Writer: Scott Lobdell
Artists: Clayton Henry (p), Mark Morales (i)
Publisher: Marvel Comics
As Walter makes another bid to secure the services of the super-powered individuals that he visited last issue, we see this time he meets with a greater measure of success thanks to his use of tactics that are decidedly more questionable. We then learn the reason why he's pulled together this new group of heroes is to rescue the member of the original Alpha Flight, who are being held captive by an unknown villain. Needless to say this new group isn't exactly big on performing a daring rescue mission.
This issue is pretty much a repeat performance of the first issue but this time out Sasquatch brings more to the table than a tired recruitment speech that these characters can summarily reject. Yes this time out he knocks two of them unconscious and saddles another one of them with a device that will kill her instantly if she steps out of line, but surprisingly when the dust settles it would appear that all the members of this new team, no matter how they were brought on board, seem quite willing to stick with the group, at least for the first mission. Now if you've read the classic X-Men issue where the "all new, all different" team was introduced to the world you have a pretty good idea of the plot that Scott Lobdell has come up with, as a lone member of the original team has escaped while the rest of his teammates have been taken captive, and this forces our hero to quickly assemble a new band of heroes for a rescue mission. However in spite of the familiar plot, I have to confess I did find myself quickly warming to this new group as they openly questioned the wisdom of sending them up against a threat that had managed to capture the original team, when they have zero experience, and are likely to be about as useful as an anchor on a sinking ship. Still, one has to imagine that Sasquatch was set free so he could gather up more victims, and watching how this new, untested group performs now that they've been sent tumbling out of the frying pan should be a lot of fun. Plus nothing acts to grab my attention more than a battle where the heroes are such clear-cut underdogs.
Clayton Henry offers up a lighthearted style that meshes quite well with the writing as the visual gags are well presented, and the characters have a wide range of expressions which is very important on a title that is so heavily dependent of the characters reacting to the situations in an amusing manner. I mean one has to love the sense of nobility to the scene where Yukon Jack is moving through his ancient civilization, as this makes the decidedly mercenary type behavior of the tribal chief all the more amusing. There's also a nice arrival scene as Major Mapleleaf arrives, as there's something inherently goofy about the character arriving on a flying horse. I also enjoyed the panel where we see Walter is quick to dump his new recruits in the hands of Major mapleleaf, as I had to smile at the jump that has him inside the cockpit of his plane when the previous panel had him outside the plane in the middle of a conversation with the confused hero.
Now I was a big fan of breaking of the fourth wall when it was a regular feature of John Byrne's run on the "Sensational She-Hulk" but this book's occasional moment where the narrator breaks away and starts talking directly to the readers was more irksome than annoying. Now I will concede that the "Previously" recap page is a fun rant on the state of the comic book, and while I disagree when it comes to the recap pages, I applaud its rant against the current state of today's covers, and I hope the future recap pages adopt a similar approach, as the "X-Statix" recap pages appear to have fallen back in line, so here's hoping this title will pick up the torch, and make its recap page worth reading for longtime readers. In any event this issue does suffers from the simple fact that the new characters still haven't emerged as anything all that interesting, as there's a detached quality about them that leaves me a bit cold. I mean perhaps this will improve when we start getting issues that offer up some internal character exposition, as right now the only character whose head we've been allowed to get inside is Walter's, and these scenes are entirely devoted to his thoughts of this new cast of characters. I also have to say I'm a bit concerned that there seems to be a fair bit of duplication of powers among this cast, as we have three characters who look to be high agility, and three characters who bring super strength to the table. Still I haven't seen the group in action so it's a little early to be overly concerned about the lack of variety that I see among this new group.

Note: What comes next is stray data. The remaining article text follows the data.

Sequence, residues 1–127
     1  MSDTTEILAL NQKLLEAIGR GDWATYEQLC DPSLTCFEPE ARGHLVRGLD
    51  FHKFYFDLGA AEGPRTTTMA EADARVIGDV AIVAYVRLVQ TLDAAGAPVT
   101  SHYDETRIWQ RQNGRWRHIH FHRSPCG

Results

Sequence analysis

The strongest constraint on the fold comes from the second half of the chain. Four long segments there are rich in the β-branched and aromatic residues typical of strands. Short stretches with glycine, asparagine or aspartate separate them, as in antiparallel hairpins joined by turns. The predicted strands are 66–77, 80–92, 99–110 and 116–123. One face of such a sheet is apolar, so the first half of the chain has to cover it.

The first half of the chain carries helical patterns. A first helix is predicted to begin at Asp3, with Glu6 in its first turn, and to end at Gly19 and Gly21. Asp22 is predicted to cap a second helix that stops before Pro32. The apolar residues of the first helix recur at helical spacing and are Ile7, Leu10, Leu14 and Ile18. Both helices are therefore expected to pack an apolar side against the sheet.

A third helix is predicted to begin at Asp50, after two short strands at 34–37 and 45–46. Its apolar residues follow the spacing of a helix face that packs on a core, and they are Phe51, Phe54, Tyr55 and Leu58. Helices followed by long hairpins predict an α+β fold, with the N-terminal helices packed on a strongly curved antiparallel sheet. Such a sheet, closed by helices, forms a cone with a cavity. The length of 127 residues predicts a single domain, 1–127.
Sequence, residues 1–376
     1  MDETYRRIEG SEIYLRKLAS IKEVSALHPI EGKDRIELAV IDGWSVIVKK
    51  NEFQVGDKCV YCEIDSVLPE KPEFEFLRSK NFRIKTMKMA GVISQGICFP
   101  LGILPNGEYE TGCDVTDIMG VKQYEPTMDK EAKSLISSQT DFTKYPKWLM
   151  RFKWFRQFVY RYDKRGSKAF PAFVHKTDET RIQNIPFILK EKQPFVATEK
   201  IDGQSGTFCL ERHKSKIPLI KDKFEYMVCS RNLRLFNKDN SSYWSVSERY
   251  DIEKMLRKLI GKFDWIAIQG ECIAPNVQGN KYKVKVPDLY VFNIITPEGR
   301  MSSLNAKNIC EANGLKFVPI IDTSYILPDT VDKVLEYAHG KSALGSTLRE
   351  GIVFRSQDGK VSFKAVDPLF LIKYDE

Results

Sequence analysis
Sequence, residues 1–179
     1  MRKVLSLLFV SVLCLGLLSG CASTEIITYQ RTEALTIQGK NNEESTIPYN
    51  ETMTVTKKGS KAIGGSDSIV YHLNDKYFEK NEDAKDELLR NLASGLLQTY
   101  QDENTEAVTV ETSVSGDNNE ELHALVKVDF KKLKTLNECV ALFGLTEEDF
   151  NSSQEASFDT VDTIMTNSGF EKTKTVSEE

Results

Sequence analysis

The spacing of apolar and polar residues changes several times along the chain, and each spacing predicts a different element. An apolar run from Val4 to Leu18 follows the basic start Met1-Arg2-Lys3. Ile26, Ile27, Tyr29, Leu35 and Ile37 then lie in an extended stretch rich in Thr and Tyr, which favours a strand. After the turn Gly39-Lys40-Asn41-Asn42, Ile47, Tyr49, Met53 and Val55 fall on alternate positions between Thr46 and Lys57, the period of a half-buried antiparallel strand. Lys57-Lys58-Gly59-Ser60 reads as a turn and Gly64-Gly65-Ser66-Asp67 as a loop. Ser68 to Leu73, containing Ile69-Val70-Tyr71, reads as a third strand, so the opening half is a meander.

Stop Me If You Heard This One Before:
I have to confess I enjoyed this issue far more than I expected to, as this is a highly entertaining, if somewhat unconventional take on the traditional gathering of the heroes story. Now the plot at the core of this story feels a bit familiar, but the issue clearly recognizes this, and it has some fun playing against this feeling. Sasquatch's recruitment techniques are amusingly unorthodox, and when the team is fully assembled the book offers up a couple fun moments, as I enjoyed the way that the group openly questions the wisdom of sending a band of raw rookies against a threat that took down a team with years of experience under their belt. The less than inspired reactions that most of the characters have to Walter's big pro-Canada speech also made me smile, and if nothing else it served to reaffirm my belief that Major Mapleleaf is going to emerge as my favorite as he's like Dudley Doright with superpowers. Of course the idea that he's so full of goodness leaves me a bit suspicious that we're being set up for a surprise twist.
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